I am, I can’t catch my breath from walking across the campus. Just a little hypocritical, don’t you think?”


At Kathleen’s first consultation with Anish Nihalani, MD, Medical Director of the Surgical Weight Loss Program at RWJUH Rahway, he explained that bariatric surgery might be more difficult for her because of scarring from past surgeries. “He said that the scarring might make it too difficult to do the surgery laparoscopically,” an approach that uses incisions smaller than those of traditional surgery, she recalls. “That meant the recovery would be harder.” Despite that possibility, Kathleen forged ahead, embracing the presurgical program. She met with a nutritionist to learn how to eat healthier and how to change her relationship with food. Like all bariatric surgery candidates, she met with a psychiatrist so that her commitment to making the necessary eating and physical activity changes could be assessed. She also had a thorough physical workup. The type of surgery Kathleen chose was a sleeve gastrectomy, the most common type of weight loss surgery. In this procedure, 70 percent of the stomach is removed. The rest is gathered into a small pouch, reducing the amount of food the stomach can hold. “A sleeve gastrectomy reduces the capacity of the stomach down from two liters to about 14 ounces,” explains Dr. Nihalani. “In addition, it causes a huge hormonal and metabolic impact, specifically on ghrelin, known as the hunger hormone. Patients come back and tell us that they no longer have the cravings and desire to eat they once had.” With all the preparations completed, Kathleen was ready for surgery. “I hadn’t been sure we could do the operation laparoscopically, but with a little luck, hard work and patience, we were able to get it done,” says Dr. Nihalani. “The procedure usually takes 45 minutes, but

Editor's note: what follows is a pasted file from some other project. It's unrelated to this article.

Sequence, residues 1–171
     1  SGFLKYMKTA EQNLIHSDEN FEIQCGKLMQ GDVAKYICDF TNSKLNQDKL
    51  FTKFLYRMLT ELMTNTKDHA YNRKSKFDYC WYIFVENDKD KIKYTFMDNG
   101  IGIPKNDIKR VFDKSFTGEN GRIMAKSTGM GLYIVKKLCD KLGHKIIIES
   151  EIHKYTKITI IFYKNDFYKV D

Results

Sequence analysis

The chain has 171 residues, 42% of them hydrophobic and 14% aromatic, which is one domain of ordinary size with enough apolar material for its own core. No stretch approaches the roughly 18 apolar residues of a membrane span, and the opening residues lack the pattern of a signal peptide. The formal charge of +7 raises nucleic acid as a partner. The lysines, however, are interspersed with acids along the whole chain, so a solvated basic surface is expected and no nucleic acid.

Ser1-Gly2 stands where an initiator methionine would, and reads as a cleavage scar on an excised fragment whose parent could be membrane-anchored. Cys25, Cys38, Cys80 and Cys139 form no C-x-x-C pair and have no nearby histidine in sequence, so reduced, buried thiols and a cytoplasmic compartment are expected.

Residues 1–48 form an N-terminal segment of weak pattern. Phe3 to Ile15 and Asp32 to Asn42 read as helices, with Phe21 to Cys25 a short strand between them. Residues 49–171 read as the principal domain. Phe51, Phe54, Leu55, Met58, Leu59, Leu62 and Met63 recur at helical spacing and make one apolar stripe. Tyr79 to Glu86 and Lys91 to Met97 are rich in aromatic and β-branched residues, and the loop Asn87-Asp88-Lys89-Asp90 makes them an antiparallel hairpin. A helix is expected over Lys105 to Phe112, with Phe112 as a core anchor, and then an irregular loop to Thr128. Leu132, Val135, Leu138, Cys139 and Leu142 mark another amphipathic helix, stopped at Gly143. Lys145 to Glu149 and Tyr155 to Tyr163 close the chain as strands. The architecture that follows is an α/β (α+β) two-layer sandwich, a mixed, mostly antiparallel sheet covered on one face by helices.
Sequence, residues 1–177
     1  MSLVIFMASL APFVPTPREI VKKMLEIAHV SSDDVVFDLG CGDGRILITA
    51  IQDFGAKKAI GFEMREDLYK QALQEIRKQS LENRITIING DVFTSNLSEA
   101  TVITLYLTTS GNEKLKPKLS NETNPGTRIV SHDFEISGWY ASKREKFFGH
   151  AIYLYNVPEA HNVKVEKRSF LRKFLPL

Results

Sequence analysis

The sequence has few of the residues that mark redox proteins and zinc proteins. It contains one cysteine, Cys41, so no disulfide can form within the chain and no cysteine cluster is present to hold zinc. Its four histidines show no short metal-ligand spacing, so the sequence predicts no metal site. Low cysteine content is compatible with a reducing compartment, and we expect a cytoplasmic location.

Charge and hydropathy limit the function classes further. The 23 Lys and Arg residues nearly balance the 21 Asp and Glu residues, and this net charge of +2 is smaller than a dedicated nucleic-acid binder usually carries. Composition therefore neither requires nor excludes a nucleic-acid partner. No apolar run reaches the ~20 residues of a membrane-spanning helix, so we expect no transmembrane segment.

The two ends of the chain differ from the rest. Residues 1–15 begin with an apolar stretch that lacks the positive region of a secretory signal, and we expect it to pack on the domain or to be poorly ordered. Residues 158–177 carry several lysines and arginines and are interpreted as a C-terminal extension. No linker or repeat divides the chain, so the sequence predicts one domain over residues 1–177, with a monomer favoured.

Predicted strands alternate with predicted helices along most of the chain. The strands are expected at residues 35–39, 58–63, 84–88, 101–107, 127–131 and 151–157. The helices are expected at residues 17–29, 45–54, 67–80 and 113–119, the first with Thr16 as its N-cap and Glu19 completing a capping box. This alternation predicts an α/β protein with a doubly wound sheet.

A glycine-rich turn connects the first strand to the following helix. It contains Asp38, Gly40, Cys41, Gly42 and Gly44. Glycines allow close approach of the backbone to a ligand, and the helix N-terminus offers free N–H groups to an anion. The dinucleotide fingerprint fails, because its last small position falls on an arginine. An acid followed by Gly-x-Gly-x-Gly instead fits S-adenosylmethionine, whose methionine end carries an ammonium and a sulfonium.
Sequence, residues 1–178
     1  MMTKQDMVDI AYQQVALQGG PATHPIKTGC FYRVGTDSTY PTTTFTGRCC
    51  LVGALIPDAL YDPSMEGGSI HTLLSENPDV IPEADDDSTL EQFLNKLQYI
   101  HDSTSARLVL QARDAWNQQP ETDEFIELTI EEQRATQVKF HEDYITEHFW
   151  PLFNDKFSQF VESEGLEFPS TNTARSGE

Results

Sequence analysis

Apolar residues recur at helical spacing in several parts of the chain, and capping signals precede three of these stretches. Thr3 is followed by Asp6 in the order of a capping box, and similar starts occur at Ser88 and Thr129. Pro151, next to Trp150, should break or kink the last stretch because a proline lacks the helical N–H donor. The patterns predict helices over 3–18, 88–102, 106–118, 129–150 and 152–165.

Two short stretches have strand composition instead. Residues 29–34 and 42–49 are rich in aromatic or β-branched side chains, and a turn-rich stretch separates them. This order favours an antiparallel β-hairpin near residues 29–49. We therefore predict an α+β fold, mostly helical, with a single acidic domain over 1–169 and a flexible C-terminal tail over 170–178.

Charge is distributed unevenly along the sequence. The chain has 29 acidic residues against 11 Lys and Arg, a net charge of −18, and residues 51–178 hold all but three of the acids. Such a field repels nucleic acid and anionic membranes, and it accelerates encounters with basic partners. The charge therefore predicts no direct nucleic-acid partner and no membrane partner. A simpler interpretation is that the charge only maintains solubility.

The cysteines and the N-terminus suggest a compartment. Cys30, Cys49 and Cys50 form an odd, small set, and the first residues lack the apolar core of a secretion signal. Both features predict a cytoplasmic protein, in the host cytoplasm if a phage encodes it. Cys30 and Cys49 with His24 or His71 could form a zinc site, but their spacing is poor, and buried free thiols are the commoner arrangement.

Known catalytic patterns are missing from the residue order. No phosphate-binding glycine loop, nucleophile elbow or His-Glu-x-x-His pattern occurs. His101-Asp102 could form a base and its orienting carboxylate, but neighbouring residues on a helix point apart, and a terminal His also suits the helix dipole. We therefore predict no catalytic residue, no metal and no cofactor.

A LEADING BARIATRIC PROGRAM The Surgical Weight Loss Program at Robert Wood Johnson University Hospital Rahway is accredited by the American College of Surgeons as a comprehensive center with the Metabolic and Bariatric Surgery Accreditation and Quality Improvement Program (MBSAQIP), an organization that sets national quality standards for bariatric surgery centers. This designation means that the program has joined the ranks of the nation’s leading bariatric surgery programs.

hers took two hours.” Kathleen says she wasn’t surprised to wake up to find only a small incision. “I trusted Dr. Nihalani,” she says. “I knew he’d do his best.” A year has passed, and Kathleen’s life is quite different. She has lost 113 pounds, and walking no longer makes her breathless. In fact, she walks 10,000 steps a day and works out five times a week. She continues to diet, with the hope of losing a few more pounds. And, she says, she just feels better. “The difference is amazing. On a scale of 10, the pain in my knees has gone from nine or 10 down to a two, and I’m taking three medications instead of nine,” she says. “My blood pressure is normal. I just feel good.” Asked for her advice to others who are fighting weight and other challenges, Kathleen offers the philosophy that works for her. “Believe in yourself,” she says. “It may sound cliché, but it’s true. You have to believe in yourself and just do what you’ve got to do.”

To learn more about weight loss surgery at RWJUH Rahway, call 732.499.6300 or visit

Robert Wood Johnson University Hospital Rahway

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RWJBarnabas Health and RWJUH Rahway, together with Rutgers Cancer Institute of New Jersey—the state’s only NCI-Designated Comprehensive Cancer Center—provide close-to-home access to the latest treatment options. For more information, call 844.CANCERNJ or visit

Cindy Bryer’s condition has stabilized after advanced treatment for lung cancer at RWJUH Rahway.


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n September 26, 2019, Carteret resident Cindy Bryer was engaged in her normal morning routine. The 54-year-old had finished her coffee and was getting ready to go for a walk in the park with her daughter. While she had experienced a bit of coughing, “I thought it was just smoker’s cough,” she says. “Otherwise, nothing was really bothering me PAWAN GUNDAVARAM, MD healthwise.”